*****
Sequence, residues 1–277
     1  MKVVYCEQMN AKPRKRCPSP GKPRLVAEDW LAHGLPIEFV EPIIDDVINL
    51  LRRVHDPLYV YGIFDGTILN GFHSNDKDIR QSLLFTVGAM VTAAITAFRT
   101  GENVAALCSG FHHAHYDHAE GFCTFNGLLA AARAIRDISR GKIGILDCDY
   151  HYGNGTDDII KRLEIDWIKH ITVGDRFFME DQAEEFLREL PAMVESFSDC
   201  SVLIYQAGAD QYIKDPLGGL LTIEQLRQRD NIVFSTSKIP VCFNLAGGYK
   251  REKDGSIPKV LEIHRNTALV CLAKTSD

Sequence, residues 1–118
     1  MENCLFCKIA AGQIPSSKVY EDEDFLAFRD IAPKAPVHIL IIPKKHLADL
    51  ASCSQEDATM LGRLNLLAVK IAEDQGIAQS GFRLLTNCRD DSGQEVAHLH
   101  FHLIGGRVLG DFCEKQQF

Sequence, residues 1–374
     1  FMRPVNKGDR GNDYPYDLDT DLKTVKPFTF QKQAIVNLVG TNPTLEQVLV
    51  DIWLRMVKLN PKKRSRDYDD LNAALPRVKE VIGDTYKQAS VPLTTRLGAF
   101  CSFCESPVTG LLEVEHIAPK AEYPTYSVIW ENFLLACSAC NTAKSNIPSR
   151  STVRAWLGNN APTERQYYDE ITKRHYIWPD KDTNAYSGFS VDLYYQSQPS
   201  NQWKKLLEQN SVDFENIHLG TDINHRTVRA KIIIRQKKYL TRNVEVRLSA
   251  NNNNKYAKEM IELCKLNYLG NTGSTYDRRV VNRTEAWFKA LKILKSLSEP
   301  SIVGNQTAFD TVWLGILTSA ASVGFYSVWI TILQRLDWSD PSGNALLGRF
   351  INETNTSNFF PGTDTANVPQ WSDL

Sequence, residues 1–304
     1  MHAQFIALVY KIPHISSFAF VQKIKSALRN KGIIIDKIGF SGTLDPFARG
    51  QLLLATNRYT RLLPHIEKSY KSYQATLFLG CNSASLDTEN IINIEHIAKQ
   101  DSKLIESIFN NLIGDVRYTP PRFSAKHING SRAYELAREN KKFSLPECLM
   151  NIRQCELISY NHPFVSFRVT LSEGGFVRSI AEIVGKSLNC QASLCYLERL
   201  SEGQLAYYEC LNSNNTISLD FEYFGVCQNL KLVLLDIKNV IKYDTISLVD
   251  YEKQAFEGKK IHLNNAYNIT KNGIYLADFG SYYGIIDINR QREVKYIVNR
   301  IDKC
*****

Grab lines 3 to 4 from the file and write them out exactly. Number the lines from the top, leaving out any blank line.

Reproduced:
    51  LRRVHDPLYV YGIFDGTILN GFHSNDKDIR QSLLFTVGAM VTAAITAFRT
   101  GENVAALCSG FHHAHYDHAE GFCTFNGLLA AARAIRDISR GKIGILDCDY